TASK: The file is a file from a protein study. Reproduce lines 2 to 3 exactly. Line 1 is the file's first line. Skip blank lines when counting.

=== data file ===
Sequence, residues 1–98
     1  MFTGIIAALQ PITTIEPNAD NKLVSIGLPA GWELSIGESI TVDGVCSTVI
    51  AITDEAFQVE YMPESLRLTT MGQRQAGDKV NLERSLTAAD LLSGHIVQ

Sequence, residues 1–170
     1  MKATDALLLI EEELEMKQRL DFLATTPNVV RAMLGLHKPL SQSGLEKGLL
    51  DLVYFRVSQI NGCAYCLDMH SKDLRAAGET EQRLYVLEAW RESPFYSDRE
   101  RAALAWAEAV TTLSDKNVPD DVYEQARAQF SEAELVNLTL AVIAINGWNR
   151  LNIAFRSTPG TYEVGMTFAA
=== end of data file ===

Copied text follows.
     1  MFTGIIAALQ PITTIEPNAD NKLVSIGLPA GWELSIGESI TVDGVCSTVI
    51  AITDEAFQVE YMPESLRLTT MGQRQAGDKV NLERSLTAAD LLSGHIVQ